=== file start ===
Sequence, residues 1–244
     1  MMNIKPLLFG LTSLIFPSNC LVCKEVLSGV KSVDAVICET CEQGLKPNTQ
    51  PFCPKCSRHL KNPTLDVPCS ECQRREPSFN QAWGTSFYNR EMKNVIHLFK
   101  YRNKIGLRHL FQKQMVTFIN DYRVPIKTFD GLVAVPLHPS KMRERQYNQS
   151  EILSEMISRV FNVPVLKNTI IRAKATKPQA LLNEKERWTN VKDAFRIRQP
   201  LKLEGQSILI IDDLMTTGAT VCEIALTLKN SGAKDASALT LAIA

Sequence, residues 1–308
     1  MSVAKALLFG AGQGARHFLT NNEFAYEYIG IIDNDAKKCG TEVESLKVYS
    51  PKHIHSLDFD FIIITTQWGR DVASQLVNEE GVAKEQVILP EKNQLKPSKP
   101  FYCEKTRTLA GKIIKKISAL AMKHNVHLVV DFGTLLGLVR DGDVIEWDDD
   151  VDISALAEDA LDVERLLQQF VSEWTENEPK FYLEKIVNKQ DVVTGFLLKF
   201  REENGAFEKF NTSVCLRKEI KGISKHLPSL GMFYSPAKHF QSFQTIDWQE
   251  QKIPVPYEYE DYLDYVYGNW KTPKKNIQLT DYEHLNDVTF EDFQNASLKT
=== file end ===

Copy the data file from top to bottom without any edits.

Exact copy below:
Sequence, residues 1–244
     1  MMNIKPLLFG LTSLIFPSNC LVCKEVLSGV KSVDAVICET CEQGLKPNTQ
    51  PFCPKCSRHL KNPTLDVPCS ECQRREPSFN QAWGTSFYNR EMKNVIHLFK
   101  YRNKIGLRHL FQKQMVTFIN DYRVPIKTFD GLVAVPLHPS KMRERQYNQS
   151  EILSEMISRV FNVPVLKNTI IRAKATKPQA LLNEKERWTN VKDAFRIRQP
   201  LKLEGQSILI IDDLMTTGAT VCEIALTLKN SGAKDASALT LAIA

Sequence, residues 1–308
     1  MSVAKALLFG AGQGARHFLT NNEFAYEYIG IIDNDAKKCG TEVESLKVYS
    51  PKHIHSLDFD FIIITTQWGR DVASQLVNEE GVAKEQVILP EKNQLKPSKP
   101  FYCEKTRTLA GKIIKKISAL AMKHNVHLVV DFGTLLGLVR DGDVIEWDDD
   151  VDISALAEDA LDVERLLQQF VSEWTENEPK FYLEKIVNKQ DVVTGFLLKF
   201  REENGAFEKF NTSVCLRKEI KGISKHLPSL GMFYSPAKHF QSFQTIDWQE
   251  QKIPVPYEYE DYLDYVYGNW KTPKKNIQLT DYEHLNDVTF EDFQNASLKT